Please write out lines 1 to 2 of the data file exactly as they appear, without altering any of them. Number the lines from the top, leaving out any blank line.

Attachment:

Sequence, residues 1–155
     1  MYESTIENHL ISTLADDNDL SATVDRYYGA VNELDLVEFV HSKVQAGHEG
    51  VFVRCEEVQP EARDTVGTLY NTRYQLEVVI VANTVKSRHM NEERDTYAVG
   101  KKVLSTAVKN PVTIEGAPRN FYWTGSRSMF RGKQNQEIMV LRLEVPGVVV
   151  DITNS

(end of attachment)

Sequence, residues 1–155
     1  MYESTIENHL ISTLADDNDL SATVDRYYGA VNELDLVEFV HSKVQAGHEG